Tomasz Magierski's excellent documentary about the 2005 International Chopin Piano Competition in Warsaw perfectly captures the joys and sorrows of musical competitions. Focusing on the American contingent of four young pianists, Magierski shows how the competition challenges, thrills, and disappoints them during the thirty-day event.
Interwoven with conservations with Sean Kennard, Rachel Kudo, Esther Park, and Mei-Ting Sun are their rehearsals, performances, and travels about Warsaw, as well as interviews with pianists/teachers Edward Aldwell, Agustin Arievas, Seymour Bernstein, Enrique Graf, Yoheved Kaplinsky, Emilio del Rosario, Ruth Slenczynska, and Susan Starr. Magierski contrasts the innocence of the competitors with the wisdom of their mentors. Bernstein complains that pianists should not be judges at such events because of the possibility of personal agendas. The comments of these veterans balance the unformed personalities of the young pianists, among whom Sun stands out for being more articulate, and slightly arrogant. He fully expected to win.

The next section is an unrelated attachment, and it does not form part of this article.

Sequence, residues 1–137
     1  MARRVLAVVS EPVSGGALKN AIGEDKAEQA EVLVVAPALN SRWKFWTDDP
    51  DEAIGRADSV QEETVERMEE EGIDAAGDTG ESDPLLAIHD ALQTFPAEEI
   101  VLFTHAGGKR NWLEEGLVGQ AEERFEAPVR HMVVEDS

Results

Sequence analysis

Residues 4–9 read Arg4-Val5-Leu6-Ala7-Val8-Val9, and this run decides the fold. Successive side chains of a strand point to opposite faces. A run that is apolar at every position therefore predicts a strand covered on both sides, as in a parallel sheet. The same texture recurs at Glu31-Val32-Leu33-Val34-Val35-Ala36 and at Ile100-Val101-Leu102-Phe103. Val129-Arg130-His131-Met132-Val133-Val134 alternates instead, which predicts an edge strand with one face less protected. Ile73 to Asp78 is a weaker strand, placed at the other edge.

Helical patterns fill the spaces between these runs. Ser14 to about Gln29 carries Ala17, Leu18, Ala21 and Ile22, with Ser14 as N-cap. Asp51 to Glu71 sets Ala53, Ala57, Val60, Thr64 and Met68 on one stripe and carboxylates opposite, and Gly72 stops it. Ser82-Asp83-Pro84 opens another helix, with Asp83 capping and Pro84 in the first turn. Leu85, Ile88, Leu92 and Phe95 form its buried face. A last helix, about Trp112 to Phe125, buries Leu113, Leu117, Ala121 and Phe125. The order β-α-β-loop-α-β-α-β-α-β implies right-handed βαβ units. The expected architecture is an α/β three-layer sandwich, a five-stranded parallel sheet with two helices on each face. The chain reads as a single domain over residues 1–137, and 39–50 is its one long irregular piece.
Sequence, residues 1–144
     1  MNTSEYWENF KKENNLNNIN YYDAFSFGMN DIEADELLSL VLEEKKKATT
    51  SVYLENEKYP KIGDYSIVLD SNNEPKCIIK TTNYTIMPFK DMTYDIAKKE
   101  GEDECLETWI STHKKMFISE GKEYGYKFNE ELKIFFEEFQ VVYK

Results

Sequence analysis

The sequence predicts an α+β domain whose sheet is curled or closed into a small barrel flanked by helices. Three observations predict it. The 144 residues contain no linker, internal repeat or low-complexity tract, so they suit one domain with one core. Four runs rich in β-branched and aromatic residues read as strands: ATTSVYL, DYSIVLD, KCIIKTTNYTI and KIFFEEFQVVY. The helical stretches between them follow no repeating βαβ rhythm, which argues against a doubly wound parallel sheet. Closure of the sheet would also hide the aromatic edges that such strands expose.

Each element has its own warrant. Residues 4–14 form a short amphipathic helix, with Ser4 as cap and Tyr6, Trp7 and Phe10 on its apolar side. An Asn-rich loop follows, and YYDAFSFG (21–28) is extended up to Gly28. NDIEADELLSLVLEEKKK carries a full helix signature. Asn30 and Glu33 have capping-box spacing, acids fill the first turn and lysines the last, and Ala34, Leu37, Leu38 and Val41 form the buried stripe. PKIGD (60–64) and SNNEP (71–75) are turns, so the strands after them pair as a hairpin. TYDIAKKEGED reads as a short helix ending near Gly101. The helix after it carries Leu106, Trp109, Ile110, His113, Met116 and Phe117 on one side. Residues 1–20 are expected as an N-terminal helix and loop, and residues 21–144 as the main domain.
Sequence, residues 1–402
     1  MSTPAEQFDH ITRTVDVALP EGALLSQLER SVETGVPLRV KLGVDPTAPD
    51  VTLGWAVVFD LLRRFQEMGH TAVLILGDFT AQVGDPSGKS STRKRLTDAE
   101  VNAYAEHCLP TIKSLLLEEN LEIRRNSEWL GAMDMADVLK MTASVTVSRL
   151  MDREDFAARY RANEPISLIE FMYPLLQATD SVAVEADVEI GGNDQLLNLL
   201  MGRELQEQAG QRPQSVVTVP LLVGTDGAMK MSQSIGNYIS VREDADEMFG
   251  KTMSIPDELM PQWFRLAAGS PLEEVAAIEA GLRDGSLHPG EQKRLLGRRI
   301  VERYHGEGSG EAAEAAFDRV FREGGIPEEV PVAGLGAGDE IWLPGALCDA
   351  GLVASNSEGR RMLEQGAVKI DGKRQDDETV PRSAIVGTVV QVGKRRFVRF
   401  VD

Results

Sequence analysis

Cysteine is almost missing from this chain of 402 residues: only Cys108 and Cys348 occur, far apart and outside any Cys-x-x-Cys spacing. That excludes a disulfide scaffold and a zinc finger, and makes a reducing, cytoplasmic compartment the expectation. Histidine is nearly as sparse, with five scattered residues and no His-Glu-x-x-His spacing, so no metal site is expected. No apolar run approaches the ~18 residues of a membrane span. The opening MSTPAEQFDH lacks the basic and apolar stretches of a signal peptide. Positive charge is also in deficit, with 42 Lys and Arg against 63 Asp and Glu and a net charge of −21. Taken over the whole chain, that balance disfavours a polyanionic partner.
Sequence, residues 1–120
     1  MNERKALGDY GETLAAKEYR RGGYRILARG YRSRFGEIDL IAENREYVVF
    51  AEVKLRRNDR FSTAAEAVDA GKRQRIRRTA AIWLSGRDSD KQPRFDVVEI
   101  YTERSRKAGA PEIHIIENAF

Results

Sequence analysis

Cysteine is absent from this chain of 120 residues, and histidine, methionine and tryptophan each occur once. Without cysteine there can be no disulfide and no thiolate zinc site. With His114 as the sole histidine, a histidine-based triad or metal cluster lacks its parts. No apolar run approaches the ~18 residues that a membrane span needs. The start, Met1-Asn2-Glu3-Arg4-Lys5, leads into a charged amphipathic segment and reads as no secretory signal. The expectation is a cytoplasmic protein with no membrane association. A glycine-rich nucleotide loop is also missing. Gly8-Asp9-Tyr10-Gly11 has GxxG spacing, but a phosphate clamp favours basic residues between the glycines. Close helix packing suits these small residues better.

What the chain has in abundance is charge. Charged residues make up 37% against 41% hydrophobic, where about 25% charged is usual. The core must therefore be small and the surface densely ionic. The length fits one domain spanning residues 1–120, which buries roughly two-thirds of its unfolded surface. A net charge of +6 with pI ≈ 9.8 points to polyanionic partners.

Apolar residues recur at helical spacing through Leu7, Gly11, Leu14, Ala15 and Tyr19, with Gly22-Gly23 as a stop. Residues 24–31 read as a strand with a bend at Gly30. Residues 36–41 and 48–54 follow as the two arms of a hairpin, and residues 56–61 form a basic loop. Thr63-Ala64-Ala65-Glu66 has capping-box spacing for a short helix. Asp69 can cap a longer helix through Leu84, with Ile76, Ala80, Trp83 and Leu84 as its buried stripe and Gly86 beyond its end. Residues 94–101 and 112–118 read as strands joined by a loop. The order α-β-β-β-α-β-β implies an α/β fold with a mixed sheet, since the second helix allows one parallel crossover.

Magierski's previous documentary was Arkadius: Wild Orchid Dreams (2000), about a young Polish fashion designer in London. The director clearly has an affinity for the aspirations of the young and the hard work required to attain their goals. He strives to make Pianists—Defining Chopin cinematic, speeding up the footage of the competitors sitting down to begin their performances to emphasize the assembly-line quality of the event and using an artistically composed overhead angle of a judge making notes about a performance. Editor Tomoko Oguchi never lets any scenes or shots linger too long as the film speeds nimbly through its eighty-seven minutes.
Chopin himself receives considerable attention, with the commentators discussing the difficulty of playing his music. Kaplinsky explains how the composer's works are "the bread and butter for any pianist." Entertaining and insightful, Pianists—Defining Chopin will be a valuable addition to any DVD collection.